Humorist Jeanne Robertson Will Perform for an SRO Crowd on Nov. 19th at the Clayton Center

Jeanne Robertson is a teacher-turned-humorist
Jeanne Robertson is a teacher-turned-humorist

Jeanne Robertson is a teacher-turned-humorist
Jeanne Robertson is a teacher-turned-humorist

Award-winning humorist, public speaker, and 6’2″ former Miss North Carolina Jeanne Swanner Robertson will play to a Standing Room Only crowd at the Clayton Center Auditorium & Conference Center at 8 p.m. on Saturday, Nov. 19th. The 68-year-old Graham, NC native, who was voted “Miss Congeniality” at the 1963 Miss America Pageant, received of the prestigious Cavett Award, presented by the National Speakers Association, in 1989. In 2001, the N.C. Press Association named her North Carolinian of the Year. Over the past 12 years, Robertson has released “Just for Fun” and five other comic CDs/DVDs.

According to her Facebook bio:

“Jeanne Robertson reached her 6’2” stature at age thirteen. Perhaps it was an indication of a future speaking career that would soar to great heights.

“No, professional speaking might not have been predicted when Jeanne was in the seventh grade in Graham, North Carolina, when and where she would have been voted most likely to make the basketball team and least likely to be a contestant in the Miss America Pageant. She did make the team — averaging more than 30 points per game in her junior and senior years — but as Miss North Carolina 1963, she also competed in the Miss America Pageant where she was named Miss Congeniality.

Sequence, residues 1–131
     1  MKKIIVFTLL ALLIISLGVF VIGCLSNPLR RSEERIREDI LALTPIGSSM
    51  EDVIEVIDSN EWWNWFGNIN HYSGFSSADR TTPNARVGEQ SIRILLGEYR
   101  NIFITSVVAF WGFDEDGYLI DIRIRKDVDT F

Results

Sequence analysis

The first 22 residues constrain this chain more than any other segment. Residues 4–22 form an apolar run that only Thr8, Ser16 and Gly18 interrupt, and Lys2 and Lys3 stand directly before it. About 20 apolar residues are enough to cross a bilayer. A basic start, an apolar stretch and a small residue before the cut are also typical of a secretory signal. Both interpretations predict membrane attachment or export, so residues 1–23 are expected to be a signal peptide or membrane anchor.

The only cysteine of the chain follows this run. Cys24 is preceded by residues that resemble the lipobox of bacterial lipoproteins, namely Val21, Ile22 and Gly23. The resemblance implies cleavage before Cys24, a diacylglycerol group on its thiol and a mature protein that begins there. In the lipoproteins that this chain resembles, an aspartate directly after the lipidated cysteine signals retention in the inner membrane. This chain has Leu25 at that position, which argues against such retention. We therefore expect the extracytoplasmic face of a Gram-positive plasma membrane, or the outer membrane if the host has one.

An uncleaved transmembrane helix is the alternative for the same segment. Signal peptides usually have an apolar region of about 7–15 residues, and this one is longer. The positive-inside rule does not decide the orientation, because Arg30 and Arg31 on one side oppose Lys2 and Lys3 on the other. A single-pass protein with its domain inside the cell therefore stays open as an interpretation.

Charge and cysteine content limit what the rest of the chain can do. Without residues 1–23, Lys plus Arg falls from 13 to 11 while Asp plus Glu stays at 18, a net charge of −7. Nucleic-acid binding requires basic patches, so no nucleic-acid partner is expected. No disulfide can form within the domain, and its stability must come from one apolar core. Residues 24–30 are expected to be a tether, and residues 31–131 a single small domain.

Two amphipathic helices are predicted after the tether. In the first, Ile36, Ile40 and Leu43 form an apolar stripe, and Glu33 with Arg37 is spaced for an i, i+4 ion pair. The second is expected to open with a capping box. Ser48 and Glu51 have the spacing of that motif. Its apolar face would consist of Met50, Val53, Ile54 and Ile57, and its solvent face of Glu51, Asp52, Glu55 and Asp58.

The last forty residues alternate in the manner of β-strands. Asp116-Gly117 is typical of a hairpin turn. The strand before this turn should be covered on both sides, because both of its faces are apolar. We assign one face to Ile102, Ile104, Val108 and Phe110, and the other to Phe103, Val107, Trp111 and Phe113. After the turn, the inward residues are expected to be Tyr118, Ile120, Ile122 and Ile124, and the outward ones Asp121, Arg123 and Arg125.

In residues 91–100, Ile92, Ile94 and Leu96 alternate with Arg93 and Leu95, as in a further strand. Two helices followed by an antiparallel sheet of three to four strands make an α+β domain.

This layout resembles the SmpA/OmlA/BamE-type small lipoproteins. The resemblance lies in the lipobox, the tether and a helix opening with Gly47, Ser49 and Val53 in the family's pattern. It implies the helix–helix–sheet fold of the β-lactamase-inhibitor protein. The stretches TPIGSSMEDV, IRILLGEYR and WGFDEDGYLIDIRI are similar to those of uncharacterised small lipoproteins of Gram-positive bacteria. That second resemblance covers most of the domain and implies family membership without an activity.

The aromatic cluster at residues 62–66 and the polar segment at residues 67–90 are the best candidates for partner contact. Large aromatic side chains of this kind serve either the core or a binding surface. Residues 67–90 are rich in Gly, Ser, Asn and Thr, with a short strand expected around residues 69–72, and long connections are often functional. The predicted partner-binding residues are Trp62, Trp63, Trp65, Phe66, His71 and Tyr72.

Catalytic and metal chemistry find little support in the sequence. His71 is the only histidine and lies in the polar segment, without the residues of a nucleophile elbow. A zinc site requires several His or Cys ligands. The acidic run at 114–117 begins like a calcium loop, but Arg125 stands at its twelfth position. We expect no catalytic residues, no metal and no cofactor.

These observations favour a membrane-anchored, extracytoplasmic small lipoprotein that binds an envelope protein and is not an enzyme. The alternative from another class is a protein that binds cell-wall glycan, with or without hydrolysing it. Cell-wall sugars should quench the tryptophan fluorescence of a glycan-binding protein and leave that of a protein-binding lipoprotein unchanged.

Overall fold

“It was her participation in and, perhaps, even her losing of the Miss America title that turned Jeanne’s life into a succession of events which led her to be one of the funniest, busiest and most popular professional speakers in America today. Because she was asked to speak every day as Miss North Carolina, Jeanne traveled her native state for one year speaking at pageants and addressing civic clubs and corporations. When that time was over, she found that people were willing to pay her to come and address their groups and conventions and loving every laughing minute of it. They wanted Jeanne — not just a title holder — and they wanted her because she made them laugh.

“At that point, Jeanne still viewed speaking as a way to make a little money while continuing her education. She received her degree at Auburn University and taught physical education in high school and college, a career she enjoyed for nine years. But throughout those years, the requests continued to pour in for her to speak. In 1976, she stopped teaching and entered professional speaking full time.